My January column referred to a growing trend among brave school leaders who are placing a stop on all technology purchases until someone can tell them what benefit they will get in return (in student performance) from those expenditures. I even suggested that technology purchases should not occur unless someone provides supporting data and proof of a specific instructional outcome.

That column generated a few responses asking how we can isolate one factor, technology, and its impact on student achievement?

One of the best demonstrations of“curriculum-driven technology” that I have observed exists at Leadmine Elementary School, Wake County Public School System, Raleigh, NC. The school has 550 students of which more than half are on the free lunch program, and the students speak 20-30 languages. Yet, 98.7 percent of all fifth graders (including the challenged students) test at or above their grade level. They have developed a data-driven decision making program regarding student instruction that is the brainchild of the principal, Dr. Gregory S. Decker, and it is highly technology dependent.

Even though the program is highly technology dependent, the school started with“Curriculum Alignment — Creating a Curriculum Design Framework” that outlined what they taught at each grade level, and aligned that with the state’s Course of Study. They also identified the student skills that demonstrate student mastery in each subject area and grade level. They then placed that framework and student skills into a curriculum map using current research on best practice teaching methodology, cognitive learning theories and brain research, indicating when they would teach specific items. The third step was to create curriculum benchmarks for quarterly assessment and minimum standards of achievement which provide quality control, measuring what and how much a student has learned rather than measuring what was taught. These assessments, which have been correlated to the curriculum, determine where children are versus where they should be, and enabling timely intervention wherever it is needed.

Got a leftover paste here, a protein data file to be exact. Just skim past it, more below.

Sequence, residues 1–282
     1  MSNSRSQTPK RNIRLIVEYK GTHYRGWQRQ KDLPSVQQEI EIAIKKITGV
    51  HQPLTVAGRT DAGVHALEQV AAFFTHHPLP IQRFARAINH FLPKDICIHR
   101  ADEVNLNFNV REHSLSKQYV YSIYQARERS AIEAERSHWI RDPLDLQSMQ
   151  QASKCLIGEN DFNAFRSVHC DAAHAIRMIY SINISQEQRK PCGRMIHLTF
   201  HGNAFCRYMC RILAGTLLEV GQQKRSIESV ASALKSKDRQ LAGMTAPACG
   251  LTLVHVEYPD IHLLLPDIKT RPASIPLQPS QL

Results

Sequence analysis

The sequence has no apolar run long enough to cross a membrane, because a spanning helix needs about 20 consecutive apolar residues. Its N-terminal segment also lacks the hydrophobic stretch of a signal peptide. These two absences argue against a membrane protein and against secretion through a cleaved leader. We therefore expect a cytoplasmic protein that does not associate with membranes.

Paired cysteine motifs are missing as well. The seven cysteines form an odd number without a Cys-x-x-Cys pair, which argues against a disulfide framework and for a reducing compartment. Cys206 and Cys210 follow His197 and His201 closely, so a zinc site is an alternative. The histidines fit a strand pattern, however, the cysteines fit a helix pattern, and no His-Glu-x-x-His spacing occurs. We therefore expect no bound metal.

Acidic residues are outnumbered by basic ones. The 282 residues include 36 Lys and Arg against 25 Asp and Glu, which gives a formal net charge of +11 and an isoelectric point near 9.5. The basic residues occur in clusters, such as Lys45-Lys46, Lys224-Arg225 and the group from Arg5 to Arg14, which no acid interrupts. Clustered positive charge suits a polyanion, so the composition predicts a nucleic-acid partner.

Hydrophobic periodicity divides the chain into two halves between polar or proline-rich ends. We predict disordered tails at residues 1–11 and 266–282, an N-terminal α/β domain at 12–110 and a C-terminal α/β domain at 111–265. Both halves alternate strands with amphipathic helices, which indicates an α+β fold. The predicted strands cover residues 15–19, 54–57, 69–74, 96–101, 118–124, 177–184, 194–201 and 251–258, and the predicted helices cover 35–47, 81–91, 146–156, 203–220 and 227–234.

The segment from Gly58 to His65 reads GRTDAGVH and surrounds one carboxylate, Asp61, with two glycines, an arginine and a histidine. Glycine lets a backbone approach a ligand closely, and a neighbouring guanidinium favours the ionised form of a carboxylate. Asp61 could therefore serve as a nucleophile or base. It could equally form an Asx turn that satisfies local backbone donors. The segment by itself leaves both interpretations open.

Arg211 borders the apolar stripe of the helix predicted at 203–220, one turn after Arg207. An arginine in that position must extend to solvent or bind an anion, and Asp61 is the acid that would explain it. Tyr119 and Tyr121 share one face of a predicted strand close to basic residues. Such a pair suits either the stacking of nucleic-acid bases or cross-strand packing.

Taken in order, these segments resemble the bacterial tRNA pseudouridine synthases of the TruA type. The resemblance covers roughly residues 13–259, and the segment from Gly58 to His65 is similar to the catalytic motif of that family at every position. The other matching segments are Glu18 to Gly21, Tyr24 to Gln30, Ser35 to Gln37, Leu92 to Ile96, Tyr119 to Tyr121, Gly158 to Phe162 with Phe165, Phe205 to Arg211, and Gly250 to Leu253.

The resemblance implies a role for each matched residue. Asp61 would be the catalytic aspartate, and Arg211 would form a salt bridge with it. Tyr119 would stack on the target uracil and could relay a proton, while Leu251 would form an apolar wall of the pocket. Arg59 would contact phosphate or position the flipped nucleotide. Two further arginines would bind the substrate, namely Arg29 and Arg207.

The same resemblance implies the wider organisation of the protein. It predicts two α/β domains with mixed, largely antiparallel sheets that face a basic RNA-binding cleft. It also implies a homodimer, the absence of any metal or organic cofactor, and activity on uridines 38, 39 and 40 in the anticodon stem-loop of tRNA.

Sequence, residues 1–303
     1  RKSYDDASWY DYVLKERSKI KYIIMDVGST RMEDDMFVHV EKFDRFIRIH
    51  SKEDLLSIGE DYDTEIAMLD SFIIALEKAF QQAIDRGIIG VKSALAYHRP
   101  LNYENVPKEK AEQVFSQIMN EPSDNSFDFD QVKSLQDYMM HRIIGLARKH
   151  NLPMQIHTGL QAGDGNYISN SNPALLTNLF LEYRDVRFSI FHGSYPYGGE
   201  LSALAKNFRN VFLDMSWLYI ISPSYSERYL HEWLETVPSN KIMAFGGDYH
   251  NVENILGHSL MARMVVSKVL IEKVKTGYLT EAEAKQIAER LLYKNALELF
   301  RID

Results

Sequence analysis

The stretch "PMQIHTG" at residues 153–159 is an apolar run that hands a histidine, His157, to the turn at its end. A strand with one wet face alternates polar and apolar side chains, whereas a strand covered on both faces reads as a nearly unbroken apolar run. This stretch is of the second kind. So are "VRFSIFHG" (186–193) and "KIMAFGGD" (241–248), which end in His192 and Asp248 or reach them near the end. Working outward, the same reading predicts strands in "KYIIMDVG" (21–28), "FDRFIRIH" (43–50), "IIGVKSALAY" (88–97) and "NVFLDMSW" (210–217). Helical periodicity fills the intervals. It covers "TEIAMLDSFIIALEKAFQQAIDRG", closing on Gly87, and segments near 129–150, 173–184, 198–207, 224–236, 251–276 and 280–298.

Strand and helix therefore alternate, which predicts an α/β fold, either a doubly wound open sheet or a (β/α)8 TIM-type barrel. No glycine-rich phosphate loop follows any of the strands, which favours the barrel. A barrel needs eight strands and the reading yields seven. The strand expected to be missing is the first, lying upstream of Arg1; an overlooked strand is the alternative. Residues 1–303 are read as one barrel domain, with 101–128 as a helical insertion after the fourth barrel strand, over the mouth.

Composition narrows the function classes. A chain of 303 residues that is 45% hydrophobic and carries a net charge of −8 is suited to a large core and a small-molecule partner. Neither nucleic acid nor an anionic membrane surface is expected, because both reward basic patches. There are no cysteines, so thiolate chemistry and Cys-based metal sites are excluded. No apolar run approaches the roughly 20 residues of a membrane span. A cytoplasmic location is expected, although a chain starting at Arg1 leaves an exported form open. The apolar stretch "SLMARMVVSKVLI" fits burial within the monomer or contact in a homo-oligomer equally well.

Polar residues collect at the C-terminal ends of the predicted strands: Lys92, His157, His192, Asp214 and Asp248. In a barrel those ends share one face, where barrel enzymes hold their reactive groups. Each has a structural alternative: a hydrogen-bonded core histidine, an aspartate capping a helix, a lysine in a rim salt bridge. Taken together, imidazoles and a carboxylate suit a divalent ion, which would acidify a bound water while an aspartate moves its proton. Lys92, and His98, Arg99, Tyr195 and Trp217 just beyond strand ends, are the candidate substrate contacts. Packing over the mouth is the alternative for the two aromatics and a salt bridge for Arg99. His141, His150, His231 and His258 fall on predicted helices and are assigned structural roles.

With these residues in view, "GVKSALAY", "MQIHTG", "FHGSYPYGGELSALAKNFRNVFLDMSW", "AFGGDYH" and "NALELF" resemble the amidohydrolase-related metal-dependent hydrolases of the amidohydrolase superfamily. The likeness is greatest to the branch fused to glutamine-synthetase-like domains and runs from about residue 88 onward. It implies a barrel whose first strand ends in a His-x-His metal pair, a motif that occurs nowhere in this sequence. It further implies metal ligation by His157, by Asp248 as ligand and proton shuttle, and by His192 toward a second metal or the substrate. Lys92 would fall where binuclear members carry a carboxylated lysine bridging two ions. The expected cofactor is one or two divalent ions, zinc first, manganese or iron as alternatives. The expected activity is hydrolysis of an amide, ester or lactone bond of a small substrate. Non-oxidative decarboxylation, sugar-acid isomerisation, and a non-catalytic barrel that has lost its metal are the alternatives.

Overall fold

They then wanted to provide differentiation — differentiated instruction for students based on their individual needs. They wanted to allow for compacting the curriculum for gifted students or direct intervention for students who needed focus on specific curriculum concepts. Unfortunately, they found that different software provided different solutions. At least they were driving the software purchases from their curriculum alignment, mapping and benchmarking, making the process much simpler than prior to developing these tools. One of the primary requirements for all software integrated into their curriculum design was that it have a management system that provides real-time data on student assessment.

Additionally, they agreed with the ISTE (International Society for Technology in Education) concept of technology literacy through providing weekly hands-on time with technology. They determined each student would have a minimum of 90 minutes per week (three days a week at 30 minutes each session on the computer), and use that time to strengthen their skills in mathematics, reading, writing and language arts.

I have talked to teachers whose school districts have implemented some variation of this concept, and it seems there are two flavors rising to the top. One environment is centrally driven, where the actual instructional delivery method and course content is predefined, and the teacher is trained and expected to execute a specific instructional program simultaneously with all of the other teachers at their grade level or area of content. The other environment allows for individual teacher creativity in how the content is delivered, but still holds the teacher accountable for student achievement, based on the common curriculum and benchmarks.

Regardless of which flavor suits your district best, there are profound and broad implications. The data can be mapped by total school, grade level, curriculum area, individual classroom, groups of student or individual students. All performance parameters are there in black and white, and no one can hide. Once a baseline of performance is established, imagine what happens to your assessment of new technology purchases. Every time you change your resources within a very short amount of time you will have real-time data indicating that the students gained those skills faster or slower than the prior group who used the old resource. Hokey Smokes, Bullwinkle! That’s technology purchases driven by student performance.

About the Author

Glenn Meeks is president of Meeks Educational Technology located in Cary, N.C. He can be reached at